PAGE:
As noted above, the ICC field office also conducted the live screening in Coorom village where Ongwen originates from with the intention of providing his relatives with an opportunity to follow the proceedings. In Coorom, over 1,100 people turned up to watch the opening statements.

The ICC’s move to screen the opening of the trial in Coorom, however, left some in other communities puzzled, as they did not understand the significance of screening the proceedings to the relatives of the man they considered to be their perpetrator. As one community member from Lukodi said, “I have heard that the screening is also going on at Coorom where Dominic Ongwen comes from. In my view, there would be no need to have another screening center there because the LRA did not attack Coorom. The ICC is wasting money there, which should be used to pay the school fees of orphans whose parents were killed during the Lukodi attack by LRA.”

In all community locations, the ICC ensured that there were counselors in place to provide psychosocial support and therapy in the event that some the participants were overwhelmed by the images they were viewing. Some CSOs volunteered to provide these counseling services.

To ensure that participants were able to follow the proceeding in a language they understood, the ICC field office also partnered with two local radio stations (Mega FM Radio and Gulu FM Radio), which broadcast the proceedings in Acholi language. The radio stations virtually provided a translation of what the community members were viewing on TV screens from The Hague.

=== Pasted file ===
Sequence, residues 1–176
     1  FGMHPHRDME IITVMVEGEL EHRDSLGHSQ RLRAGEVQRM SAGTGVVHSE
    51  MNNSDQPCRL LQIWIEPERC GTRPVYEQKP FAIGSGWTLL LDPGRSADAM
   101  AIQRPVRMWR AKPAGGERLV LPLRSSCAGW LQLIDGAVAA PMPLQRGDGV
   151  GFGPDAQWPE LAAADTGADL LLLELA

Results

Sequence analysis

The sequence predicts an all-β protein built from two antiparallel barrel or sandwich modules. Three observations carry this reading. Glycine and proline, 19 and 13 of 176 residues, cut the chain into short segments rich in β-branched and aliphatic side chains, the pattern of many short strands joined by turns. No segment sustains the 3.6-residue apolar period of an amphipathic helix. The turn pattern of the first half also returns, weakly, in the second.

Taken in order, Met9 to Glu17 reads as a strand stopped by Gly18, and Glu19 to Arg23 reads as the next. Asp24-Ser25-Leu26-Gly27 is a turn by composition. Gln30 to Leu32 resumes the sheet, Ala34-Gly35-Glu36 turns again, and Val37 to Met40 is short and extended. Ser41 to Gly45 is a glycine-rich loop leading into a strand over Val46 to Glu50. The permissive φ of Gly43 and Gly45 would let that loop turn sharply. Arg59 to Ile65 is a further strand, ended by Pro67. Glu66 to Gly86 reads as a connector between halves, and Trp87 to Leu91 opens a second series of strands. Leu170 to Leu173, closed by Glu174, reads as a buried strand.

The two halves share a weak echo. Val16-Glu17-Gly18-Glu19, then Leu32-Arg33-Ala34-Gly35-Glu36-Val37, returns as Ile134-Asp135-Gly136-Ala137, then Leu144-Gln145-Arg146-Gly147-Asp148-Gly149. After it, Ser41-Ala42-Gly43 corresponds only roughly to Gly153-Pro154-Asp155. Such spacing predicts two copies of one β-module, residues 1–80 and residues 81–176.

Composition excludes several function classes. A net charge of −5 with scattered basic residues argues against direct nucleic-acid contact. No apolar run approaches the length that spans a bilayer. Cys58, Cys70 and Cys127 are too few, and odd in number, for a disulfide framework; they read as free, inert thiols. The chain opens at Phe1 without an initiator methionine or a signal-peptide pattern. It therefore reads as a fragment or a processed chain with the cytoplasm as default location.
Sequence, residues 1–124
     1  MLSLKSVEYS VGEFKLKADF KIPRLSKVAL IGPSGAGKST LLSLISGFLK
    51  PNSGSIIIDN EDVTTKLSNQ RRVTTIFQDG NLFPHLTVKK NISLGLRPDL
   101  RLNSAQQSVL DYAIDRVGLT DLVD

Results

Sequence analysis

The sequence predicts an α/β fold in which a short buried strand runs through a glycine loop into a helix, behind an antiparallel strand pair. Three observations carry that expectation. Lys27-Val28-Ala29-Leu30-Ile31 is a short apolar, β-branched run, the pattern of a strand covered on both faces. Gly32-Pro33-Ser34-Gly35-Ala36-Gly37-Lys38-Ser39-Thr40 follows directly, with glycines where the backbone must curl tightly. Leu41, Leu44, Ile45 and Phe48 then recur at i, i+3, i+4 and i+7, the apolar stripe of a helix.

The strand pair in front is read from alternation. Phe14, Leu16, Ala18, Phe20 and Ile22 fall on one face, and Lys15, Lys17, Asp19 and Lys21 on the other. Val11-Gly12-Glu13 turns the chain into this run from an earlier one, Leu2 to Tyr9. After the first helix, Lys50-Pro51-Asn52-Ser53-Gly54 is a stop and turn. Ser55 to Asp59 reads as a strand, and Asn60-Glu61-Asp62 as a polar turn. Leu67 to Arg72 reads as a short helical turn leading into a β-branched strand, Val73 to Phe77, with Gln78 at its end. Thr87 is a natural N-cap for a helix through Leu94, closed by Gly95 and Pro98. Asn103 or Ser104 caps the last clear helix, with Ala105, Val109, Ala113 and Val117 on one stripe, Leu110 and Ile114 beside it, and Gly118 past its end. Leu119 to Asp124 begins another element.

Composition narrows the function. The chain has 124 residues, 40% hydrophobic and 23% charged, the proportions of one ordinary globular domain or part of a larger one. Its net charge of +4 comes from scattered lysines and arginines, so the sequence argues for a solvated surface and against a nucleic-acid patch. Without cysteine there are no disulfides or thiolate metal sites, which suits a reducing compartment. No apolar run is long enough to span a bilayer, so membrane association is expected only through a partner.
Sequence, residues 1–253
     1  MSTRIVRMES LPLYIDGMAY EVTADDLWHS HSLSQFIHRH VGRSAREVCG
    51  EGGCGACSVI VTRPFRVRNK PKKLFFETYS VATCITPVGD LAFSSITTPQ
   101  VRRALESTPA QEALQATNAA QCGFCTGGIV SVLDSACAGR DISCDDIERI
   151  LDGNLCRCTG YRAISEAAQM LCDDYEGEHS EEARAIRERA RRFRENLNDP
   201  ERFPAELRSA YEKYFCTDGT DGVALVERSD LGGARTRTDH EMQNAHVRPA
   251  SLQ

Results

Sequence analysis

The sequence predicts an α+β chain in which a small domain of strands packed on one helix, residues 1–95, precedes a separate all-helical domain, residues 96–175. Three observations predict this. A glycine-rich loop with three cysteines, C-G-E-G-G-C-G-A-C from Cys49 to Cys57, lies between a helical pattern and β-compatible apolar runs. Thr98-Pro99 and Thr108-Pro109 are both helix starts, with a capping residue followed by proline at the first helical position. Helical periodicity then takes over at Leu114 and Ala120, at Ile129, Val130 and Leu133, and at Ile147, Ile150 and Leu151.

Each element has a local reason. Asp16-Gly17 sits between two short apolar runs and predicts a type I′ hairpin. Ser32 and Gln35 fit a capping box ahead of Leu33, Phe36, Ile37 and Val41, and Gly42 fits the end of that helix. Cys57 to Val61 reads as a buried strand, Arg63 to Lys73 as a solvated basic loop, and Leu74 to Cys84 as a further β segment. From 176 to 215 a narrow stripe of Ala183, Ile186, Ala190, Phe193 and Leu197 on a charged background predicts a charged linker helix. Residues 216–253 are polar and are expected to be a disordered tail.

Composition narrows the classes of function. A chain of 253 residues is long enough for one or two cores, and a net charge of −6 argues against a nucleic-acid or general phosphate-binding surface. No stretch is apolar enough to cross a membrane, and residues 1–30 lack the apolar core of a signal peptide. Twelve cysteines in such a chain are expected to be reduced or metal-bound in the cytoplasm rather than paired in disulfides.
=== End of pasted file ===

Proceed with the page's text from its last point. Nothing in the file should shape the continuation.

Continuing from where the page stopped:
The high turnout by participants is not only proof of the high level of interest that victims have in following the trial, but also an indicator that the ICC field office in Uganda has done its work well in as far as sensitizing the victims and building community interest in the case concerned.

The enthusiasm and high level of interest exhibited by the victims has been overwhelming so far, but the real work remains in the weeks and months ahead. As the trial continues throughout the year, the court, working in partnership with other organizations, will have find more ways to keep communities in northern Uganda informed of and engaged with this historic trial.

Lino Owor Ogora is the Director and Co-Founder of the Foundation for Justice and Development Initiatives (FJDI), a local Non-Government Organization based in Gulu District that works with children, youth, women and communities to promote justice, development and economic recovery in northern Uganda.


  1. The name of the location where 5,960 turned up to watch the screening of Ongwen’s trial at The ICC, it’s called ABOK not ABOKA.
    Kindly correct it.

    Best regards,